# To prove the limit of given function does not exist.

Ques: I want to show that a limit of a function $$f(x,y)=\frac{x^{3}+y^{3}}{x-y}$$ does not exist at point $(0,0)$.

My try: I am just taking path $y=x-x^{3}$ then $$\lim _{(x,y)\rightarrow(0,0)}\frac{x^{3}+y^{3}}{x-y}=\lim_{x\rightarrow 0}\frac{x^{3}+(x-x^{3})^{3}}{x^{3}}=2$$ Then i am taking path $y=2(x-x^{3})$ and i got limit $0$. So, in the both case the limit does not remain same. it means limit of given function does not exist.

You don't have to work so hard. For the limit to exist at a point, the function has to be defined in a punctured neighborhood of this point. But your function is undefined whenever $x=y$. Hence the limit does not exist.

• This depends on your definition of a limit. You can find in "little Rudin" that the definition for a limit requires points in the domain within $\delta$ to imply $|f(x)-L|<\epsilon$ Aug 5, 2013 at 14:40
• I think the neighborhood has to be a subset of the domain. In this case, the domain doesn't include the set $y=x$. For example, $(x-y)/(x-y)$ clearly exists at $(0,0)$. Aug 5, 2013 at 14:42
• @nayrb: Rudin is referring to a situation where a domain other than an open neighborhood is explicitly specified. Aug 5, 2013 at 14:48
• @Clayton: your claim is incorrect. The expression $(x-y)/(x-y)$ is undefined when $x=y$. Aug 5, 2013 at 14:48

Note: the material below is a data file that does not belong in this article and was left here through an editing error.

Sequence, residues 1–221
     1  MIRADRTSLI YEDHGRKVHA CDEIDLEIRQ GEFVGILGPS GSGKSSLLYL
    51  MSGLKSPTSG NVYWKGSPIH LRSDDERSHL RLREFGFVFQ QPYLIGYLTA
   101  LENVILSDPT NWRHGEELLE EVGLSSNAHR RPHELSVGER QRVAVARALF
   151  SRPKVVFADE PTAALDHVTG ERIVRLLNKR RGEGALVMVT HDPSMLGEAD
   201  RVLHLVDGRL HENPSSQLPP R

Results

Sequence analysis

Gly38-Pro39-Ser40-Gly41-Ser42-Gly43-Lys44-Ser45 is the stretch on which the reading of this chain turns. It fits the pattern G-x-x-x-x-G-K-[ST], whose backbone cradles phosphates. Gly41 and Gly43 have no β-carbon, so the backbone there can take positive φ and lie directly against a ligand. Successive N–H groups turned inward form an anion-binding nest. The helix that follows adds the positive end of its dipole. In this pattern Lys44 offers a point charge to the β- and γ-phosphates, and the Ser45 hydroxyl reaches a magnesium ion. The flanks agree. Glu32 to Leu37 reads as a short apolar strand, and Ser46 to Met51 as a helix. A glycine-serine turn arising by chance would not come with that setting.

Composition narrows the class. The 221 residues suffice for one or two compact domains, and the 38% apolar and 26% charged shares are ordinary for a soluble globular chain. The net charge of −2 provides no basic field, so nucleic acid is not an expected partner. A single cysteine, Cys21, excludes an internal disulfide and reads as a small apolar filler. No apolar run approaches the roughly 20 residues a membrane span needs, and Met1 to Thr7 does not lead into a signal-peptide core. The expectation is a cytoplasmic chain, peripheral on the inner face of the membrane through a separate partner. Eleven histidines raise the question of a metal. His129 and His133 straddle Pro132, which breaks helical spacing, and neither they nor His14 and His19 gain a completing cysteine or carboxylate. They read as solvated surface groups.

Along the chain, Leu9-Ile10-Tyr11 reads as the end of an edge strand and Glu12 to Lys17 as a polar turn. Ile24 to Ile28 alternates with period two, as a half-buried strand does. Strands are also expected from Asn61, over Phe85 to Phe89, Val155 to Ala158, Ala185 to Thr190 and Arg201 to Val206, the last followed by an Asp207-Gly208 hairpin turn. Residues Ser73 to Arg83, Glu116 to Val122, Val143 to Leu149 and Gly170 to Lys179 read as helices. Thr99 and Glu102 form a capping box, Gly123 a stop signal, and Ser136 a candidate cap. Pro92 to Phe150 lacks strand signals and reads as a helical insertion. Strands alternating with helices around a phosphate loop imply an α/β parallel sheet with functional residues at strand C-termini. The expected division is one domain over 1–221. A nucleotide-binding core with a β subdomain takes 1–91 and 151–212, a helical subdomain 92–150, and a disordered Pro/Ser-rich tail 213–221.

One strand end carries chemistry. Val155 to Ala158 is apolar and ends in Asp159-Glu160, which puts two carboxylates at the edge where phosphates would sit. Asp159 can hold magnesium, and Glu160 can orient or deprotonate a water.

• It is standard practice. Aug 5, 2013 at 14:50

I think you're right, but I get limit 2 for the first one, not 1. For the second limit, I get 9/2, not zero. As @Clayton points out, $y = 0$ will suffice, and as @user72694 points out, there is a much easier way.

That is perfectly right. You could also say that in every square of edge l around the (0,0) the function assume all real value, so it clearly can not have a unique limit.

• How do you know it assumes all real values? It may, or it may not. You do know it assumes two different values. Aug 5, 2013 at 15:06
• Using polar coordinates. (x,y) = (rcos(t), rsin(t)) if we leave r fixed and send t to pi / 4 from above it will go to - inf and if we send t to pi*5/4 from below then it will go to +inf and if we restrict the function to x-y < 0 it will be continuos; thus intermediate value Theorem applies Aug 6, 2013 at 22:42